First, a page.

J Dilla is of an era where this approach — become one with what you’re hearing — was easy. His MPC3000 has a text only screen, no effects to speak of, just the ability to adjust timing, pitch, and amplitude and filtering. The Roland Boss SP-303 he was famed for using on Donuts is the ultimate lo-fi device, with its workflow encouraging stamping sequences into an un-editable audio file via resampling. It’s always a useful mindful exercise to consider the way musicians of the past created incredible music with rudimentary equipment, and Dilla’s ability to create magic with just a sampler and occasionally a keyboard or two, not a screen in sight, is testament to the fact that if we focus on the feel of the music, everything else takes care of itself.
This isn’t to say that Dilla’s music wasn’t mixed and then mastered at dedicated studios, but two points are important to note on that: firstly, a number of J Dilla beat tapes are out there that are pretty much the outputs of an MPC going into a cassette recorder. They still sound amazing. Secondly, the mix and then master simply fine tuned the existing feel of the music. All the actual sound design and production happened at the creation stage.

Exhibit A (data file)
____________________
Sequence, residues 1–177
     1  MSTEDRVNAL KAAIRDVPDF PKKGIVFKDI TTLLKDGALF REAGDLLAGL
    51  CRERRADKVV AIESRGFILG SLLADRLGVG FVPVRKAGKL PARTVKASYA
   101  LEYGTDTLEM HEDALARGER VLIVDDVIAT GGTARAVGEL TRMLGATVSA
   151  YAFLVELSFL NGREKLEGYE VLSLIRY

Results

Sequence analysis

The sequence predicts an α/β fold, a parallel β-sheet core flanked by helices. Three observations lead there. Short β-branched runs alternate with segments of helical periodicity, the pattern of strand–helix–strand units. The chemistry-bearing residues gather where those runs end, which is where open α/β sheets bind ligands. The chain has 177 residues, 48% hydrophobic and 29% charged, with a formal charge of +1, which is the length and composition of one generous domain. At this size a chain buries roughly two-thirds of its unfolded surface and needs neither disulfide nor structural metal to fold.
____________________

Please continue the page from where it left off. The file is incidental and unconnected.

If you want to get a really good handle on all the stages of music production from creation to sequencing to mixing and mastering, and understand what different gear is and does before you spend a ton of money figuring out what does and doesn’t work for you, check out Essential Music Production for a massive head start!
Why J Dilla was so Important
If there’s one thing we can all learn from J Dilla, it’s that unlocking our own inherent sense of musicality, really letting ourselves and our message come through the music, is more important than any setting in a DAW or academic styled tutorial of the mathematical reasoning behind something. That stuff can be fun, but it has to come after the feel.
To unlock the ability to let the feeling come out, we do have to have a fundamental understanding of what goes into music prodcution. If you want to get there fast, and understand the basics through to intermediate and advanced understanding of what goes into music production and how everything in a studio (virtual or hardware) works, then Essential Music Production is ideal for you. If you want to get a good understanding of how to really feel music, not simply abide by rules, then Essential Music Theory will be an invaluable part of your journey!